There's also the option of cleaning up your commits using interactive 
rebase (git rebase -i, google for some examples, it's very neat).

Then there is the question of whether you actually want to have a 
merge-commit as a "sign-off" for the completed feature, and keep the 
smaller work-commits (although they should still be tidy and neat for 
future code archeology's sake). Some projects/teams avoid merge-commits at 
all costs, and other teams don't mind them at all.

Personally, I tend to commit directly on master when doing smaller fixes 
(combining with git pull --rebase to avoid those ugly pull-merges). I 
create a feature branch when I set out to create a larger feature (that is, 
takes more than half a day or so). When I'm done, I tidy up the commits 
I've made in the branch, and then merge them (without squashing) back to 
master. In the merge commit message, I describe the feature in full.

That way, when people study the history, they'll have a way of seeing both 
the larger-scope goal of the branch (the merge commit), while they still 
have the opportunity to drill further down in the branch commits to see why 
I did this and that (the commits on the branch).

On Tuesday, December 4, 2012 2:26:49 AM UTC+1, John McKown wrote:
> Thanks. I either didn't see that in the books, or was asleep. I'll read up 
> on it.
>  On Dec 3, 2012 7:07 PM, "Ryan Hodson" < <javascript:>> 
> wrote:
>> I think what you're looking for is a squash merge. If you develop the
>> change in a dedicated feature branch like you describe, you can
>> transfer all of the changes to the master branch with the `--squash`
>> flag as follows:
>> git checkout master
>> git merge --squash some-feature
>> This concatenates all of your changes and adds it to the stage and
>> doesn't create any kind of connection between `some-feature` and
>> `master`. Then, you can run `git commit` to commit them to the master
>> branch. The result will be a single commit that represents your entire
>> feature. To delete all vestiges of the development work, just force
>> delete the feature branch with `git branch -D some-feature`. Then push
>> to the remote with a normal `git push`.
>> Hope that helps.
>> - Ryan
>> On Dec 3, 2012 6:54 PM, "John McKown" <<javascript:>> 
>> wrote:
>> >
>> > I've been reading "Version Control using git" (already finish Pro Git).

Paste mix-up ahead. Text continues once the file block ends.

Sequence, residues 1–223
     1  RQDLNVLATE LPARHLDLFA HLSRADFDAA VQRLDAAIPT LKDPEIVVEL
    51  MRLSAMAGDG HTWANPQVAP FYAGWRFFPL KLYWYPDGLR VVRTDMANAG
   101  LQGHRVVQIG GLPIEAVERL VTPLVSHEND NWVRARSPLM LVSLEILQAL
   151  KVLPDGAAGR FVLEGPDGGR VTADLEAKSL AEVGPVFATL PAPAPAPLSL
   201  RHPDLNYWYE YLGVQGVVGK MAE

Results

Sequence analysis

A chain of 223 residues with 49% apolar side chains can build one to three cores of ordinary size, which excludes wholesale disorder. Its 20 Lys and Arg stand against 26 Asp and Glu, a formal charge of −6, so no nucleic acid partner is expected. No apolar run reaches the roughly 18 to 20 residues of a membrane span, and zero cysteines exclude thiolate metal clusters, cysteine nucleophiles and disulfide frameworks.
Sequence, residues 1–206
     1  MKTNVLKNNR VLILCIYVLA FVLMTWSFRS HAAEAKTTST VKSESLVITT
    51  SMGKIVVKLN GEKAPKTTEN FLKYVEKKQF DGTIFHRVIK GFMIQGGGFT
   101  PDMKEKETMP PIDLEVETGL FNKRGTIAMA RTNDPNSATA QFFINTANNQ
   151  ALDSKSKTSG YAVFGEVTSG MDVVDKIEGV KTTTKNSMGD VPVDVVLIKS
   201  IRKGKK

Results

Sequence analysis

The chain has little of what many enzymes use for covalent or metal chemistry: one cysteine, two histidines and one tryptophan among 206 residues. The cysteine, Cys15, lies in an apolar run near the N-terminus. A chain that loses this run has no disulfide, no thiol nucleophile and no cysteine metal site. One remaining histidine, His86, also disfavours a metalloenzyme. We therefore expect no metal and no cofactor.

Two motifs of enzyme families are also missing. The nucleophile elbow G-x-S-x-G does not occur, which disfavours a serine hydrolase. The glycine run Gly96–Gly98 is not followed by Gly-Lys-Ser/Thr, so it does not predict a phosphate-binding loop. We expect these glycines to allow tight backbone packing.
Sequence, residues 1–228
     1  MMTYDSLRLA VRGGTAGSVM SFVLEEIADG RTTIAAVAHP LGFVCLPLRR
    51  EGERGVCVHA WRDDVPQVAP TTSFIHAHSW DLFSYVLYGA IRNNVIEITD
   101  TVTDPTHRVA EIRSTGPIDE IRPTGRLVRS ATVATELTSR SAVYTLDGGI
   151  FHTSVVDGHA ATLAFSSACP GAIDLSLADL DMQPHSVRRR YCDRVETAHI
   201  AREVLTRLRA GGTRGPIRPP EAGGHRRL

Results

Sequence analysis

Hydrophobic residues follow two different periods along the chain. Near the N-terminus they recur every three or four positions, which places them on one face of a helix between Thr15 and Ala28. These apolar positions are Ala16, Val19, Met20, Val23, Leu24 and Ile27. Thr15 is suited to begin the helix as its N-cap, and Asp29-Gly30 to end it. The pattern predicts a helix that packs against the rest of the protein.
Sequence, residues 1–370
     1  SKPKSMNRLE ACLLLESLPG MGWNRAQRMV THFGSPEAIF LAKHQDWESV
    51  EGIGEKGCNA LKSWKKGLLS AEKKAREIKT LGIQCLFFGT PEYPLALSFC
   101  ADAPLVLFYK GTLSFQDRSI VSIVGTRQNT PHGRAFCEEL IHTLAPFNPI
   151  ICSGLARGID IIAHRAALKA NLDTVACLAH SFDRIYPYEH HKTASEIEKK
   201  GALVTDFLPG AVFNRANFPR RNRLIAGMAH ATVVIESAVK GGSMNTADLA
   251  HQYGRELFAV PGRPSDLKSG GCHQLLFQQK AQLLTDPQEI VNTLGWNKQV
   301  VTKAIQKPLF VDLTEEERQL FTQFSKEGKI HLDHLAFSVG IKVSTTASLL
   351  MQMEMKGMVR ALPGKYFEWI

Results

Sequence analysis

>> One thing the author said was that git really encourages developers to 
>> commit frequently. Mainly because they have an entire (at the time) copy of 
>> the repository. So there's not a lot of overhead of sending files across 
>> the Internet (or Intranet). This sounds good to me. Basically, what I like 
>> to do is: "until satisified do; edit; compile; test; commit; done " I do 
>> this for every program. Once a "change" is complete, i.e. all programs and 
>> files modified, and tested, I then do a "git push" to the repository.
>> >
>> > But it occurs to me that this is a lot of commits for what is logically 
>> a single change. Would it be "better" to implement a single "change" as a 
>> single, well documented, commit? If so, then how to eliminate all those 
>> commits? What I've read says to do something like create a new branch; do 
>> all your development and commits in that branch; then do a "git checkout" 
>> back to "master" and do a single "git merge" of the new branch. The way 
>> that I read the doc, what happens is that your branch remains and the 
>> "master" branch commit has two parents. One from "master" the other from 
>> the "change" branch. What I was thinking would be better would be to 
>> completely remove all vestiges of the "change" branch. I think this can be 
>> done by abusing git as follows:
>> >
>> > git tag starting
>> > git branch changes
>> > until satisfied; do edit; compile; test; commit; done #use the changes 
>> branch for all development
>> > git merge --no-commit changes
>> > git branch -d changes
>> > git reset --soft starting
>> > git tag -d starting
>> > git commit #put in a single commit with very detailed documentation
>> > git push #push the change up to the origin
>> >
>> > Does this seem reasonable? Or am I entirely out of the ball park?
>> >
>> > --
>> >
>> >
>> --


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